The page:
Need a trendy way to display your hanging succulents? I’ve got you covered with my Hanging Succulent Planter!
Succulents. The low-lying trendy plant they are. It’s actually taken me quite a while to develop a love for these particular plants. And it wasn’t until I stumbled upon String of Pearls succulents that I actually considered giving them a try. Most of what I’d seen were the hens and chicks, and I wasn’t impressed.
Granted, I am the type of person who wants everything I plant to bloom and blossom, so naturally succulents weren’t in my wheel house. However, I’ve come around to their way of low-maintenance thinking.
While I love the look of succulents in a low planter on a table, I wanted a bit of green in the kitchen. And my counters didn’t need anything else sitting on them.
It’s a daily struggle to keep them free of toys, socks, rubber bands, Nerf bullets. You name it, and it has probably been on my counter in the past week.
So to keep the counters less cluttered, I immediately thought of a hanging succulents planter.
DIY Hanging Succulents Planter
You might not immediately think, embroidery hoops, of course that would make a hanging planter! But I knew that embroidery hoops were already a lovely light wood color, and that their adjustable tension and double hoops made them perfect for gripping some kind of rope for hanging.
While I originally planned to stain the hoop, once I paired it with the bowl, I liked the colors together. Our house is a bit midcentury, and the wood of the hoop was the perfect look.
And did I mention that these hoops were my Yaya’s (Grandmother). I inherited her sewing items, since my mom isn’t exactly a crafter… love you, Mom! So this hoop has to be 30+ years old, and was in excellent shape.
I also picked up a cheap bowl at The Dollar Tree for my hanger. You really can’t beat $1 for a ceramic bowl, and I loved the blue/green color.
For the actual hanging, I went with a 1/8in. braided synthetic cord. It was able to hold quite a bit of weight and wasn’t super bulky. Finally, I had originally planned to use String of Pearls succulents, but decided on String of Bananas. Sounds silly, but that’s exactly what the plant looks like!
I ordered from a seller on Amazon, and they had the best customer service. JMBamboo accidentally shipped me the wrong succulent, but once I messaged them, they immediately sent the correct one out. I was very impressed with their prompt attention and the great condition the plants were in when they arrived.
Succulents With No Drainage
Since I used a ceramic bowl, there are no drainage holes for the plant. Succulents can actually survive well in this type of planter. It does require some careful watering, because you don’t want the roots sitting in water.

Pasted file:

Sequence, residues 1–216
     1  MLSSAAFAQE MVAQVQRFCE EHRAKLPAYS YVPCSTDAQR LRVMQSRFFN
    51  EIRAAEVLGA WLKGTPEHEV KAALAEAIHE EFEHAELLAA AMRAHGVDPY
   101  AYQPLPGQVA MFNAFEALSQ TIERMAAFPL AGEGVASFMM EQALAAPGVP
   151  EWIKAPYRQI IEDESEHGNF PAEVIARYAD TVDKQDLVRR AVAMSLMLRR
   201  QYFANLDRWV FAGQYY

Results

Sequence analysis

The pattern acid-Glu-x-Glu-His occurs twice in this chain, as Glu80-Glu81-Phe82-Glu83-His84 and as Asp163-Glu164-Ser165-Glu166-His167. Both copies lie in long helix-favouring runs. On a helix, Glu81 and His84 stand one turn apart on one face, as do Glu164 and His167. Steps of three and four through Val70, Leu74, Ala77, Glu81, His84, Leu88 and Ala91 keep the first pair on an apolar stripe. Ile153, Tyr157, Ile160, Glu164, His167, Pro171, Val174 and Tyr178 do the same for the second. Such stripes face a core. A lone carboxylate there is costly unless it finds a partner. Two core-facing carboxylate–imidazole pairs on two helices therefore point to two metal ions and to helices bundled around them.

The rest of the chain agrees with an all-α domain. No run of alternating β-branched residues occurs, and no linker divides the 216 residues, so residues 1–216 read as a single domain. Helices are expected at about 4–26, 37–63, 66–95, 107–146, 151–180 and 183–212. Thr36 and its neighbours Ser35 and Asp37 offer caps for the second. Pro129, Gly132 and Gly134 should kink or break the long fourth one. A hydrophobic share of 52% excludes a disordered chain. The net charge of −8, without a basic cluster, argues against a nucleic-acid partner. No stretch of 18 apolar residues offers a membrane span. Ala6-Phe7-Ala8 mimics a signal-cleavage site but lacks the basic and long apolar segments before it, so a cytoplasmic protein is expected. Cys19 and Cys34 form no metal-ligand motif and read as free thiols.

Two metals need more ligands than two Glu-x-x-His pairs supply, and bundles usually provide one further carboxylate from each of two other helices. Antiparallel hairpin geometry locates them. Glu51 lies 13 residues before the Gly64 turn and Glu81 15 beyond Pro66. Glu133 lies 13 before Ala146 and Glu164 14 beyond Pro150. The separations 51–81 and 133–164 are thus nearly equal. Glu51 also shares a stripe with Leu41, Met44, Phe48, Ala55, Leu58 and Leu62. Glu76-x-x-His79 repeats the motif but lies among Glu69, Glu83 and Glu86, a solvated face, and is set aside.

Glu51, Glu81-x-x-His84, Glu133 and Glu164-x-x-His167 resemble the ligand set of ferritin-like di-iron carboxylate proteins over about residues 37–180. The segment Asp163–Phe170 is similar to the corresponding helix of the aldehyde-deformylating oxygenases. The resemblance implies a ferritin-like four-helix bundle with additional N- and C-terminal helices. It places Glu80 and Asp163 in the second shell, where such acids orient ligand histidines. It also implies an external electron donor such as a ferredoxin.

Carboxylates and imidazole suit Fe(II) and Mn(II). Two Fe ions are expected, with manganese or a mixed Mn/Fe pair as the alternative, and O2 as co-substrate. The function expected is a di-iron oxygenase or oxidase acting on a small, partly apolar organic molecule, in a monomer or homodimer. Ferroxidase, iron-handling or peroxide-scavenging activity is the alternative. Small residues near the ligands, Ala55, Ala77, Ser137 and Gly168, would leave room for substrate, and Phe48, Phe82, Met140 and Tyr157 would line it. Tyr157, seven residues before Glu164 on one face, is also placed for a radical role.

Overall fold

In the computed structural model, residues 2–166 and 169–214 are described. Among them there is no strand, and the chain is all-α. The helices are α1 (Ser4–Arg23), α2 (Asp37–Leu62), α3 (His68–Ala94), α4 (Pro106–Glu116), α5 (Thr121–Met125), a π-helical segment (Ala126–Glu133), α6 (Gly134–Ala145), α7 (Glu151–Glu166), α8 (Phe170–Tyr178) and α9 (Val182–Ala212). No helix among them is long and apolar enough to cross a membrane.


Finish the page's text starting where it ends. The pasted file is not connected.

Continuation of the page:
Start first with a succulent or cactus potting soil for the best drainage. Then you can check out this great article from Succulents and Sunshine on watering succulents in planters without drainage holes. Now, on to the supplies and instructions!
1 Trailing Succulent Plant
1 Embroidery Hoop
1 Ceramic Bowl (Choose bowl based on embroidery hoop size)
1 pkg 1/8in. Synthetic Cord
1 S-hook or Ring
1 screw-in hook
- First make sure your embroidery hoop and bowl fit. You want the hoop to come up under the lip of the bowl, but not be at risk for the bowl to slip through the hoop.
- You also want to avoid a bowl that is too big and doesn’t go far enough up the bowl. This will make your hanger unstable.
- Next, decide how long you would like your planter to hang. Then cut three lengths of cord, adding on 3-inches to your hanging length for knots. Tie a secure knot on the end of each length of cord.
- Loosen the outer ring of the embroidery hoop and push through each of the knots, spreading them out around the hoop. Then tighten the tension of the outer hoop so that the knots cannot be pulled through between inner and outer hoops.
- Plant your succulent, or whatever plant you choose, in your ceramic bowl. Clean up the edges and sides just in case any soil is lingering. Place bowl inside hoop.
- Lift up on your lengths of cords until they are taut. Gently lift your hoop and planter off the ground and create a knot that allows your plant to hang balanced.
- This took me two tries, but it’s really not too difficult. (I couldn’t resist including this picture of my giant hand above the tiny planter. Ha!)
- Use an S-Hook or O-Ring to hold up your planter. Then hang it from a hook you may already have hanging, or you can use simple screw hooks mounted to suspend your planter.
Finally, enjoy your handiwork and new hanging succulents planter!
Thanks for reading all about our Hanging Succulents – How to Make a Hanging Succulent Planter! Have a lovely day!